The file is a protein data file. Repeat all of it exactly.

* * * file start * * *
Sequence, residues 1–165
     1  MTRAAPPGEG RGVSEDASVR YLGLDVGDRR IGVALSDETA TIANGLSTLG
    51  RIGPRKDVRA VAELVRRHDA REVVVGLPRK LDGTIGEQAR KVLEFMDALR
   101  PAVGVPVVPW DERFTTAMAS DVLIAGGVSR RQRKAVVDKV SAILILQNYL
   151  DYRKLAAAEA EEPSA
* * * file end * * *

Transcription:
Sequence, residues 1–165
     1  MTRAAPPGEG RGVSEDASVR YLGLDVGDRR IGVALSDETA TIANGLSTLG
    51  RIGPRKDVRA VAELVRRHDA REVVVGLPRK LDGTIGEQAR KVLEFMDALR
   101  PAVGVPVVPW DERFTTAMAS DVLIAGGVSR RQRKAVVDKV SAILILQNYL
   151  DYRKLAAAEA EEPSA